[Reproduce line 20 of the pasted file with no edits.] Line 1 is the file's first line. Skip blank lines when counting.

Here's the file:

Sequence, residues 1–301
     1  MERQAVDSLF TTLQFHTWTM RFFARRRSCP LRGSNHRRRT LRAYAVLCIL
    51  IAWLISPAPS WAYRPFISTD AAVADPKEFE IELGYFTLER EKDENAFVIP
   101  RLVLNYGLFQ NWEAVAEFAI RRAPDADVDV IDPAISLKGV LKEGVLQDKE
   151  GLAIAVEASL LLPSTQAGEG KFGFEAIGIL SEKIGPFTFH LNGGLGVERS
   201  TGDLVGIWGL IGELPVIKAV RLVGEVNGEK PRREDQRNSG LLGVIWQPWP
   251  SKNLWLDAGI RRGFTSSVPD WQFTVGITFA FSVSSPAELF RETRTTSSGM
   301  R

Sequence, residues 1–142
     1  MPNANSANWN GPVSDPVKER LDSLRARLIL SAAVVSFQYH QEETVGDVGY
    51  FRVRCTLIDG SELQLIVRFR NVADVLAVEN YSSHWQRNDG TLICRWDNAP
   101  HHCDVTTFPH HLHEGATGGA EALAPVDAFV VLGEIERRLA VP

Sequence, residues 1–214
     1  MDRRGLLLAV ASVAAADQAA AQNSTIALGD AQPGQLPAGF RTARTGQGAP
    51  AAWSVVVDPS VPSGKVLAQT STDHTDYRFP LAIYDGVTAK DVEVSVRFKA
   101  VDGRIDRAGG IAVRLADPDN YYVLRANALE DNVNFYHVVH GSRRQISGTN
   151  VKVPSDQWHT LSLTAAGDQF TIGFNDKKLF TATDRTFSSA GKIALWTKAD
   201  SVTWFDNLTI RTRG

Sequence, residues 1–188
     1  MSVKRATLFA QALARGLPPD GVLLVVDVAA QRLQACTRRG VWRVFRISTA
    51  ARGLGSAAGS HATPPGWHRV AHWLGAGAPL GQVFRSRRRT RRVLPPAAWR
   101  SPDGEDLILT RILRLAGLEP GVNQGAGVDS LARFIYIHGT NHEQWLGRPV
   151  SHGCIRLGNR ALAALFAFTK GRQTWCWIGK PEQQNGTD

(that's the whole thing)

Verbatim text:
     1  MSVKRATLFA QALARGLPPD GVLLVVDVAA QRLQACTRRG VWRVFRISTA